Is Your LinkedIn Photo Giving The Impression You Want?

Photo: Courtesy of Mariah Barksdale.
If there's one key commonality between LinkedIn and Tinder, it's this: Your photo gives someone a first impression of who you are.
The trickiest part of choosing a LinkedIn photo is that there is no one-size-fits-all. "Know your audience," says Anna Akbari, PhD, the founder of Sociology of Style and author of Startup Your Life: Hustle and Hack Your Way To Happiness. While you always want to look confident, pulled-together, and professional, a professional look for someone applying for corporate positions is different than that for someone who is applying for creative positions.
But regardless of what field you're in, there are a few rules that apply across the board. The most important: Avoid the stiff portrait. "Be human — many professional headshots are groan-inducing," Akbari says. "In general, a believable, appealing backdrop, paired with a comfortable smile and bright eyes goes a long way." Opt for comfortable and natural rather than forced and fake.
While you probably want to avoid a backdrop that is overly cluttered, both neutral and colorful settings can work, and the latter may make the photo more interesting, Akbari says. You can pick a shoulders-up or full-body shot, but full-body images run the risk of looking more like a senior portrait than a professional photo if you aren't careful.
Click through to see what seven women's LinkedIn photos say about them, according to Akbari. Then take a second look at your own to see if it's giving the impression you want.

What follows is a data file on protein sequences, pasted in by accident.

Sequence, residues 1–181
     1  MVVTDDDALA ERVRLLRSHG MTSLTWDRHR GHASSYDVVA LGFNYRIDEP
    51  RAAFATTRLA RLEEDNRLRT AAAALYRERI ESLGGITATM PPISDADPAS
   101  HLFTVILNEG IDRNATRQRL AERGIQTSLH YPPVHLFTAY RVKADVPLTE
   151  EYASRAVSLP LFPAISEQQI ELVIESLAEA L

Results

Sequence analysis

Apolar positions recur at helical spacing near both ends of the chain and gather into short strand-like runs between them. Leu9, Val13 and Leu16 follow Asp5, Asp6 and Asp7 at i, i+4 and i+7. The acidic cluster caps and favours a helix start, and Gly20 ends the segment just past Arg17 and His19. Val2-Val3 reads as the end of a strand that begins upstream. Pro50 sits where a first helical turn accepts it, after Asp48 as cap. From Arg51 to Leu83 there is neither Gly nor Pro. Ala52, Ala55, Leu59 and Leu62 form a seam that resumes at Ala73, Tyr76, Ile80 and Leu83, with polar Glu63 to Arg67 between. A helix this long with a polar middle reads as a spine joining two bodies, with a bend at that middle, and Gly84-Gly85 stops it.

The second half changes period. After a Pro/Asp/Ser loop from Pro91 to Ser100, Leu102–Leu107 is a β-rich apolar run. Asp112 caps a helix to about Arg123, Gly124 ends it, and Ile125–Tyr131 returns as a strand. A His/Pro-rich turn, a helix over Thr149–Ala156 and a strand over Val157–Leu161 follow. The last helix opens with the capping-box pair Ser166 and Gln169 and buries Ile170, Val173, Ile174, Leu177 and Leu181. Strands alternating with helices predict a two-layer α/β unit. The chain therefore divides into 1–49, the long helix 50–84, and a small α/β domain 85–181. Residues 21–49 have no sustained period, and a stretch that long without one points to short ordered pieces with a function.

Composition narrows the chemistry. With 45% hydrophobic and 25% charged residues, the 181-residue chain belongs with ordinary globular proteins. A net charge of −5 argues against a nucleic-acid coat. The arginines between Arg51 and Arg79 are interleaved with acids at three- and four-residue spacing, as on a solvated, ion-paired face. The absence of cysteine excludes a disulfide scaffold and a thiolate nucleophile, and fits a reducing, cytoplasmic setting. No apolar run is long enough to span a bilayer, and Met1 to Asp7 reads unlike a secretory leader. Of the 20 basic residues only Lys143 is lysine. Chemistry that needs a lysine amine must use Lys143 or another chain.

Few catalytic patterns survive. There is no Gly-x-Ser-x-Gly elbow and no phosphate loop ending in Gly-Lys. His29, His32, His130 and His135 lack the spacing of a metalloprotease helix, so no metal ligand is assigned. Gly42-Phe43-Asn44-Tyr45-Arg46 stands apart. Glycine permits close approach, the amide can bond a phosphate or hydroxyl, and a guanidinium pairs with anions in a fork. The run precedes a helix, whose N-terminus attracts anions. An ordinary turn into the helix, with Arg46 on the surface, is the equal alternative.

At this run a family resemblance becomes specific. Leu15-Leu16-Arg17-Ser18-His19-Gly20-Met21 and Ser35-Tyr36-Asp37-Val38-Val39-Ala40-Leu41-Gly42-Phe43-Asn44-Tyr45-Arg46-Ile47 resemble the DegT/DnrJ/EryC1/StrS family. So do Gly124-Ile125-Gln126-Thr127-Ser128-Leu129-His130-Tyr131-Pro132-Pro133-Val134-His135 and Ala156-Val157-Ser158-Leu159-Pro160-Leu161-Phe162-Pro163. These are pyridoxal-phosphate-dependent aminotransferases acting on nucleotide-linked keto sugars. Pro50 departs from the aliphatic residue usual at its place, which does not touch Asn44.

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Photo: Courtesy of Mariah Barksdale.
Mariah, 23, Marketing & Communications Intern

"The combination of fashion styling, the backdrop, and her expression emits creativity and exuberance," Akbari says. "An employer would expect her to be a creative non-conformist."
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Photo: Courtesy of Olivia Clark.
Olivia, 19, Student

"This photo communicates that she is part of the creative class," Akbari says. "Anything too corporate or buttoned-up is probably not on her radar."
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Photo: Courtesy of Ashley Sams.
Ashley, 24, Assistant Director Of Academic Marketing

"The bright, solid-colored background offers a striking frame for her," Akbari says. "Backgrounds are important, and yellow is an attention-grabbing color associated with happiness."
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Photo: Courtesy of Maricela Gonzalez.
Maricela, 25, Law Student

"Less formal or staged than the others, this snapshot strategically captures a Columbia University diploma in the background," Akbari says. "That communicates intelligence and an elite education, whether or not anyone reads her profile."
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Photo: Courtesy of Elin López León de la Barra.
Elin, 38, Sociologist

"A bit dark and a little out-of-focus, this image projects an air of mystery, which, depending on her field, could work for or against her," Akbari says. For example, it might not be ideal if she's applying for a more corporate position.
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Photo: Courtesy of Kasia Staniecka.
Kasia, 20, Filmmaker & Media Student

"Playful, casual, and anti-corporate — seems safe to say she does not work at an investment bank," Akbari says.
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Photo: Courtesy of Kara Salazar.
Kara, 24, Social Media Coordinator

"The soft lighting and full smile create a warm and inviting image," Akbari says. "She also gives the impression that she's staring directly at you, which creates a connection with the viewer."
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